If the table GSM_ITEM_INFO table contains 1005000 expired item_id s then this procedure will delete 100000 expired items deviding each 10000 per delete and
    taking gap of 10 seconds for each loop.

    i need an extra functionality in this procedure that, if the procedure exection is taking more than 30mins. i have to return/stop the procedure.

    please do not change existing functionality(you can change the code) and add the requirement.

     

    Well, this isn't a Freelance website to help you for FREE to build a cr@p functionality that you are, unable to think a way of and are being Paid by your Employer.

     

    First, post what your attempt has been on this. And then, expect the volunteers to find a way.

     

    My suggestion, which I am certain that you will not pay any heed, is to scrap the entire code and replace it with a simple Delete Statement which will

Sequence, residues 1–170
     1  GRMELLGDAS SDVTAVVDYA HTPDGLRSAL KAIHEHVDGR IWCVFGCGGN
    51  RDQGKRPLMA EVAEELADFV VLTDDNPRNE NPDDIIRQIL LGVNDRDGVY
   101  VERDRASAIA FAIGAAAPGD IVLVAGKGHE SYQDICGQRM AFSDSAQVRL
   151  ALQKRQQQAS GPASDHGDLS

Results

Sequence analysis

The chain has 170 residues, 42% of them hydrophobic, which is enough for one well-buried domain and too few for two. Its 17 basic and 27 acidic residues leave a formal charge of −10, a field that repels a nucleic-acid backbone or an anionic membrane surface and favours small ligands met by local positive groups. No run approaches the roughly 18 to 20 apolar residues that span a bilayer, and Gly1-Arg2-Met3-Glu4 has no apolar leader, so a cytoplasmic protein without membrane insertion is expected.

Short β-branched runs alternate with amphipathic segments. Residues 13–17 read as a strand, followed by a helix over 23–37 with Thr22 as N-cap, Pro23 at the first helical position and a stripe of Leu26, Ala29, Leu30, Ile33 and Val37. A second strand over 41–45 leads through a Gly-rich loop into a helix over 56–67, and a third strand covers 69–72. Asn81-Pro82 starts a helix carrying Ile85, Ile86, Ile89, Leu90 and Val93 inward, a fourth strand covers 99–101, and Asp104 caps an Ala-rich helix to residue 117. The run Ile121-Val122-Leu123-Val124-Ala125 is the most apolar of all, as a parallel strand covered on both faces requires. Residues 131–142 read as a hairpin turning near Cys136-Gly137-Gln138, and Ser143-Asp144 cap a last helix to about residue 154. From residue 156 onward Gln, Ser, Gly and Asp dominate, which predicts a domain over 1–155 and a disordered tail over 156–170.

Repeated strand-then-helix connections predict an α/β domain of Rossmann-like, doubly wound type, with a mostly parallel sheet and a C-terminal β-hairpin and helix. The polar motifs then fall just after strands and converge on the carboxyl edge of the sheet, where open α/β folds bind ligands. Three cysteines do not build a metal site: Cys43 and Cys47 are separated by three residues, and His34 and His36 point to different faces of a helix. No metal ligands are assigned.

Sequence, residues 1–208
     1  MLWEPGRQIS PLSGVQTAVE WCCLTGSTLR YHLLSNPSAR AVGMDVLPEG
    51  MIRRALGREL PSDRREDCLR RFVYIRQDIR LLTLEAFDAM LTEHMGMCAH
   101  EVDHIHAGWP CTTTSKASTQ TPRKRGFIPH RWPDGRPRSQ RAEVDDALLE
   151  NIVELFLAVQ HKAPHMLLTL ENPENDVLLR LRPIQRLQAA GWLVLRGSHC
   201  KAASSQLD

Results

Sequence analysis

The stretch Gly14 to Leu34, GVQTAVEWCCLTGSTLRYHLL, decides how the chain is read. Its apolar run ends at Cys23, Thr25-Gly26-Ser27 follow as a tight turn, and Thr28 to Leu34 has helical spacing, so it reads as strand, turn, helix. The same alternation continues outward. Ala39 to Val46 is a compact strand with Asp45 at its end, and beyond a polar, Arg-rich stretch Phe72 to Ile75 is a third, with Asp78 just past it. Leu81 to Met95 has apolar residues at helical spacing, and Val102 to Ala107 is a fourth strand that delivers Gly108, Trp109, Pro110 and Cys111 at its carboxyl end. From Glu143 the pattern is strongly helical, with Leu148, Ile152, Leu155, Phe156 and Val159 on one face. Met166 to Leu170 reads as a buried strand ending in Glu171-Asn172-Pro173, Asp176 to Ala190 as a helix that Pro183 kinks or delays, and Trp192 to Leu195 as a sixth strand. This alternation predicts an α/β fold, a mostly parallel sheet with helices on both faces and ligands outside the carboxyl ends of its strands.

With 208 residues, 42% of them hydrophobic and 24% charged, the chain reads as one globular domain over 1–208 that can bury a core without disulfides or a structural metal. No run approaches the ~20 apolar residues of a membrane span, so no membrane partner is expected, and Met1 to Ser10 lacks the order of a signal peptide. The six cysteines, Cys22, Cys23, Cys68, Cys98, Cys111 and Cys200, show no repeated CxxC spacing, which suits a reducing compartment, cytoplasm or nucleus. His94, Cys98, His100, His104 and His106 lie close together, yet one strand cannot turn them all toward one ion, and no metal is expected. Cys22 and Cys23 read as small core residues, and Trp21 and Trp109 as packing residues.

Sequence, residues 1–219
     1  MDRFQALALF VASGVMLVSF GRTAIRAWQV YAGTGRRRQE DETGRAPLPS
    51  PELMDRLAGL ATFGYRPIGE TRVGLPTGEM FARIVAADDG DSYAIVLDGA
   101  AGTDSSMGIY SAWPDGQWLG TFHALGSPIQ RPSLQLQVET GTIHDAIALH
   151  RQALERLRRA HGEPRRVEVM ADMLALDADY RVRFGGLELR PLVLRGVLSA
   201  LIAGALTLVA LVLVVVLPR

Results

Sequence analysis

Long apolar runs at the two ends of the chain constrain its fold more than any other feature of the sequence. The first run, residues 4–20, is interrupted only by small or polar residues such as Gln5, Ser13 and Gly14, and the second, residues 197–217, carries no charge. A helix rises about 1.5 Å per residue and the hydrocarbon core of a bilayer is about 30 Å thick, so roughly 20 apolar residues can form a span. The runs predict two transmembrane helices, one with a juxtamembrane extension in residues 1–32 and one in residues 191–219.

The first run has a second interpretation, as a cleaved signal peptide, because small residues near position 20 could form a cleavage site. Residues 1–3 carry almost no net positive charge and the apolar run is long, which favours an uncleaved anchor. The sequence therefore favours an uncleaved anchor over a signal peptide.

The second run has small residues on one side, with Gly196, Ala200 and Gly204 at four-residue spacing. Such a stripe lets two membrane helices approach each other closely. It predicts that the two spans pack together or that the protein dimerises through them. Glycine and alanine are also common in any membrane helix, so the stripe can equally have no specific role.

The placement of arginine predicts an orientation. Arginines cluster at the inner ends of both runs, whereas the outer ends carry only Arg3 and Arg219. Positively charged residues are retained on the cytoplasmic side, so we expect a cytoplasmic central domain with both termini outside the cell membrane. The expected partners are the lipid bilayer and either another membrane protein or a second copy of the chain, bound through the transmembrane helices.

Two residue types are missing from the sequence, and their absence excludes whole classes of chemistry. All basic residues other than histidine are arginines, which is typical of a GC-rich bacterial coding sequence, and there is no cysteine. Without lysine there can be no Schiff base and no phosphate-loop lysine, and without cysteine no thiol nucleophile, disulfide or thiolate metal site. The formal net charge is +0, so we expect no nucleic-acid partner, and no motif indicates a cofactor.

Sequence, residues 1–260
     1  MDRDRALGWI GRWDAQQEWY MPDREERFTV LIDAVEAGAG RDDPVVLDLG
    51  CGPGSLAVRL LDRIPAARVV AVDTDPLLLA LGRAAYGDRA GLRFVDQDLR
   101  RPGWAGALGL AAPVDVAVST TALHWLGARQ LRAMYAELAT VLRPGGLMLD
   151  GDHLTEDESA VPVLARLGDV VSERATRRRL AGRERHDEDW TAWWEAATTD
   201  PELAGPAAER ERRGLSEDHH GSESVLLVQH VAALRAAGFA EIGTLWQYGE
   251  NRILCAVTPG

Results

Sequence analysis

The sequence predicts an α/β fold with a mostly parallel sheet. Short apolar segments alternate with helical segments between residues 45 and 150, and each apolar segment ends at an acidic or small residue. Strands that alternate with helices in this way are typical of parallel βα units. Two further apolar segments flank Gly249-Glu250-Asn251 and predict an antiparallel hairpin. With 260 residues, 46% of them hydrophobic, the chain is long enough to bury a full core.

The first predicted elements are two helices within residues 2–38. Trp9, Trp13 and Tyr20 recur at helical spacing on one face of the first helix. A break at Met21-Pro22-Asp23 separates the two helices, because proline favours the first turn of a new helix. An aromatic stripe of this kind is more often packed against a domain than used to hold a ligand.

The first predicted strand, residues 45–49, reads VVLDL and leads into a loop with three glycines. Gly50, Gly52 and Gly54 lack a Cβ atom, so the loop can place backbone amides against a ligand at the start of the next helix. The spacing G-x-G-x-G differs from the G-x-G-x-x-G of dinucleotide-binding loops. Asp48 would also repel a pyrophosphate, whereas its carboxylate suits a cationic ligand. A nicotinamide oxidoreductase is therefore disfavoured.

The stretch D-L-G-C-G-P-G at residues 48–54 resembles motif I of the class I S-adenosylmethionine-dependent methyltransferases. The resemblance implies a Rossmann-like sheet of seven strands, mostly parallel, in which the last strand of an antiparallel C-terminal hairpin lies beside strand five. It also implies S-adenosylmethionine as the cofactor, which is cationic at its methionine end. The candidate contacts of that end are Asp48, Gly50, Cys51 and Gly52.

1. perform better

    2. consume lesser resources

    3. will be more scalable, maintainable and easier to Debug.

     

    And, most certainly, it should complete the entire activity within a matter of few seconds/minutes, depending on load on database and the concurrent access to table rows; certainly much faster than your PL/SQL piece of code will ever perform.

  • 2. Re: Return the procedure if time taking is more than 'N' mins
    913578 Newbie
    Currently Being Moderated

    Hi Purvesh,

    Thanks for your reply and Apologies for your misunderstanding.

    I know the direct delete statement will work more better than all this plsql stuff. but i dont have rights to change this code, i just need to add the additional funcationlity.

    I have tried to do some experiments on this, but not sure.

     

    Added a check condition in for loop with dbms_utitlity.get_time

     

    FOR I IN 1..L_COUNT 

        LOOP